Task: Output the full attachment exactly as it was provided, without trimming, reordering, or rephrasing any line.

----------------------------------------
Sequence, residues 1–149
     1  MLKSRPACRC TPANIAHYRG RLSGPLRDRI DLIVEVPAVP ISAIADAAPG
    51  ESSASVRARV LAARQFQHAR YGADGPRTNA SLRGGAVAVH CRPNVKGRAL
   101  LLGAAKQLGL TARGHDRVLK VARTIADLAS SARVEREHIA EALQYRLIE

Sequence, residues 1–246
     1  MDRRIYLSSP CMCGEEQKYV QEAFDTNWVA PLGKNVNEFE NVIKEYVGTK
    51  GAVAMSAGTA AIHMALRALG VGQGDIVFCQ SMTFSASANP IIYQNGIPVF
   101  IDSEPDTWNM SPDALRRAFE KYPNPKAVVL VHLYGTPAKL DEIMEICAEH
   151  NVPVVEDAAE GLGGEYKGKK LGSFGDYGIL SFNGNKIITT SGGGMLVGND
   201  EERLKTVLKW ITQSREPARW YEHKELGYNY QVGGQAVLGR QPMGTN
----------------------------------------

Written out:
Sequence, residues 1–149
     1  MLKSRPACRC TPANIAHYRG RLSGPLRDRI DLIVEVPAVP ISAIADAAPG
    51  ESSASVRARV LAARQFQHAR YGADGPRTNA SLRGGAVAVH CRPNVKGRAL
   101  LLGAAKQLGL TARGHDRVLK VARTIADLAS SARVEREHIA EALQYRLIE

Sequence, residues 1–246
     1  MDRRIYLSSP CMCGEEQKYV QEAFDTNWVA PLGKNVNEFE NVIKEYVGTK
    51  GAVAMSAGTA AIHMALRALG VGQGDIVFCQ SMTFSASANP IIYQNGIPVF
   101  IDSEPDTWNM SPDALRRAFE KYPNPKAVVL VHLYGTPAKL DEIMEICAEH
   151  NVPVVEDAAE GLGGEYKGKK LGSFGDYGIL SFNGNKIITT SGGGMLVGND
   201  EERLKTVLKW ITQSREPARW YEHKELGYNY QVGGQAVLGR QPMGTN